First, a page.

“It’s disgusting that UEFA puts so much effort in negotiating its multi-million deals and is doing little to target racism specifically. Taunting of black players will continue to rise unless something is done.”
Not Monday night, but 17 years ago from MEP Claude Moraes. The same conversation; the same widespread derision. The familiar weak conclusion: condemn, fine, get on with it.
The year is 2002 and PSV Eindhoven have faced up to a £13,000 wrist-slap for their fans' racist abuse of Arsenal forward Thierry Henry. The Eredivisie club appealed. The fine was increased. Everybody moved on.
Earlier that month, UEFA had released its 10-point plan for tackling racism, referring to unspecified "disciplinary action against spectators and players who engage in racist abuse; preventing the sale of racist literature inside and outside stadiums" and more.
But there lies the issue. what is punishment? A fine is a grievance, not a deterrent. It doesn't punish the racists themselves but football associations and faceless clubs that spend less on one player's weekly salary.
Football is, as ever, an extension of society, but it faces a major issue that – for once – money can't solve. Nazis are society's problem, not our game's, but that doesn't mean a sport that reaches billions worldwide can't do anything about it.
One again, England players have been exposed to such pond life on their travels. Earlier this qualifying campaign it was Montenegro who were 'punished' by UEFA for their fans' actions, surmounting to a €20,000 fine and one match to be played behind closed doors. "I just hope I don't ever have to play there again," admitted a glum Danny Rose (opens in new tab) after hearing of a ruling that 'wasn't enough'.
I tried to engage the Bulgaria manager about tonight's racism after Krasimir Balakov said he didn't hear anything. A few locals tutted when I asked a follow-up question about whether he was surprised the match was halted given he was unaware of any racism— Simon Peach (@SimonPeach) October 14, 2019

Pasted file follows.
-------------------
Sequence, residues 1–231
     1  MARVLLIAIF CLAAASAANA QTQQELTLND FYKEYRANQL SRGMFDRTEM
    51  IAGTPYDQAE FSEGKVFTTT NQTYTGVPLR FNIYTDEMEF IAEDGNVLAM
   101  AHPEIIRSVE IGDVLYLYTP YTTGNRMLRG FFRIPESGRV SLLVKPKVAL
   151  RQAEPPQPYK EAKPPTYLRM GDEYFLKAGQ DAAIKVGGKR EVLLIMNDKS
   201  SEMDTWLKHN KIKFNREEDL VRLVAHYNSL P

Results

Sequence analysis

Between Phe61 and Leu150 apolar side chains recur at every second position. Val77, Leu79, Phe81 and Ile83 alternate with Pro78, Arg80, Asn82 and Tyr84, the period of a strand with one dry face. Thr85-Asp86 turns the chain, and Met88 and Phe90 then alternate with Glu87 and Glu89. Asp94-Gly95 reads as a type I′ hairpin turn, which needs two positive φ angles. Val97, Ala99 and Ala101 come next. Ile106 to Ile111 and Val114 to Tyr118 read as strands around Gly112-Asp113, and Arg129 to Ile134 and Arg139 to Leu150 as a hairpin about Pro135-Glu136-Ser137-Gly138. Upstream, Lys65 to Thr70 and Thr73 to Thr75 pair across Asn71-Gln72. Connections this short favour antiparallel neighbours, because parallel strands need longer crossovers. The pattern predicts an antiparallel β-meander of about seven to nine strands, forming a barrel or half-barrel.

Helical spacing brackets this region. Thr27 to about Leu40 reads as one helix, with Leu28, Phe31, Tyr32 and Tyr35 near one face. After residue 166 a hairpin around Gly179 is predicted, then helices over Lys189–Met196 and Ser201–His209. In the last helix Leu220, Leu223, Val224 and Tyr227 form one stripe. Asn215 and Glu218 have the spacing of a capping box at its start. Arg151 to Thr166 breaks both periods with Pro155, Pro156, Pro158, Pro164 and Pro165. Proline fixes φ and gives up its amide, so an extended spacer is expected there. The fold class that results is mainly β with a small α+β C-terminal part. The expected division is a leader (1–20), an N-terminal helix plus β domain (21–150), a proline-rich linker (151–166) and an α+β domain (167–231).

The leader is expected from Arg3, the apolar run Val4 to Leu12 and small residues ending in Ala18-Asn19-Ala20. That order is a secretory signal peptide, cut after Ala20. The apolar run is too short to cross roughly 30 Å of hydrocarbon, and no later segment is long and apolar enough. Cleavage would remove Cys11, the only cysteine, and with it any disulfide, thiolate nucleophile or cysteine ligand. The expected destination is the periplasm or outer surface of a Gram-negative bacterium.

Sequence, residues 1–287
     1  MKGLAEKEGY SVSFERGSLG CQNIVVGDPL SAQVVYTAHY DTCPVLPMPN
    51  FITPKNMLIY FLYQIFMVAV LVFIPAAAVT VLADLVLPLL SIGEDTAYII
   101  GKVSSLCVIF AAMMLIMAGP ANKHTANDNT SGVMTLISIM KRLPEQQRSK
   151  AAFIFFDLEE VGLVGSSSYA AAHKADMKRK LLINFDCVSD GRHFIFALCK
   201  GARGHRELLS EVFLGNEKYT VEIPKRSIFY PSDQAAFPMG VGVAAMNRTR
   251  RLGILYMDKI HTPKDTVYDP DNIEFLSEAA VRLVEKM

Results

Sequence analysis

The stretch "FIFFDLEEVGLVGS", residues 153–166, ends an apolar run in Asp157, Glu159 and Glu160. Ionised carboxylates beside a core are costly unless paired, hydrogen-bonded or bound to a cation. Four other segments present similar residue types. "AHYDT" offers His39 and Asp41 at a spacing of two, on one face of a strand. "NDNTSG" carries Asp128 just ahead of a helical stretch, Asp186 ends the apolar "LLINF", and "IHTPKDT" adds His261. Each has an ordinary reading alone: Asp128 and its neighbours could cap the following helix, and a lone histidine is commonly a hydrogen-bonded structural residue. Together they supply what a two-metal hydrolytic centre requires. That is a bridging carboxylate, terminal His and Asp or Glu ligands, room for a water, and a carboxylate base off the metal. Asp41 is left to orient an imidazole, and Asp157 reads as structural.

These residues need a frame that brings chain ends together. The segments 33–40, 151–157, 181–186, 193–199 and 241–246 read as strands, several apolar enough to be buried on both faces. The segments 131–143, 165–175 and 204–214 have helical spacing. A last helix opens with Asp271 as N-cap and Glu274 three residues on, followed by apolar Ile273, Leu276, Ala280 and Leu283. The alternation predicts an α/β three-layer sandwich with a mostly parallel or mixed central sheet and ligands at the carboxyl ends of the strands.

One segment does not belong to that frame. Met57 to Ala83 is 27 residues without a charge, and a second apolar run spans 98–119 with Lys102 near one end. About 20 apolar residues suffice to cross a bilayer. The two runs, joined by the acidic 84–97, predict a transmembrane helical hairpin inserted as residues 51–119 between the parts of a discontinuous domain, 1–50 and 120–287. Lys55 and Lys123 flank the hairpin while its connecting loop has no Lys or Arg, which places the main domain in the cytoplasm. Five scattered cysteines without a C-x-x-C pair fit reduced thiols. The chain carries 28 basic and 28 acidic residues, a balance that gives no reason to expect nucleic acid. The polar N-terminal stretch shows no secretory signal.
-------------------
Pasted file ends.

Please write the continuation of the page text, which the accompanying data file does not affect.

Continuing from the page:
This time, Gareth Southgate's players had admitted they were prepared to walk off if needs be, as per UEFA's protocol which was observed in Sofia. First, Southgate alerted officials and a message was relayed over the public address system; second, play was halted for a reasonable period while the referee spoke to management. A third strike would have been abandonment.
On this occasion, England's players chose to rise above it. Whether that was the right or wrong thing to do remains up for debate – a cursory glance of social media during the troubles revealed mixed views about what truly means taking a stand.
Last time, post-Montenegro, Southgate had responded with sad self-reflection.
“I'm reflecting on should I have done more?” he said. “In the end, I think I tried to protect my players as much as I possibly can. I'm not the authority on the subject. I'm a middle-aged white guy speaking about racism. I'm just finding it a really difficult subject to broach because I want my players to enjoy playing football and not be scarred by the experiences. If people feel I should have done more, then I can only apologise for that.”
This time he was more prepared and, as ever, it was Southgate offering up the most level-headed sentiments on another shameful night for football. FA chairman Greg Clarke called it “one of the most appalling nights I’ve seen in football”.
“I know that whatever we do might be perceived as not being enough but I think we’ve made a major statement,” said Southgate (opens in new tab). “We’ve made a major statement with the way we played, through such difficult circumstances. I don’t think a game of this magnitude has ever been stopped twice. So, I’m incredibly proud of all of the players and all of the staff.
“We could be criticised for not going far enough but I think we’ve made a huge statement and, frankly, we were in an impossible situation to get it right to the satisfaction of everybody.
“The players were all absolutely adamant they wanted to keep playing but also we knew, if there was anything in the second half, we’d be reporting it and coming off.”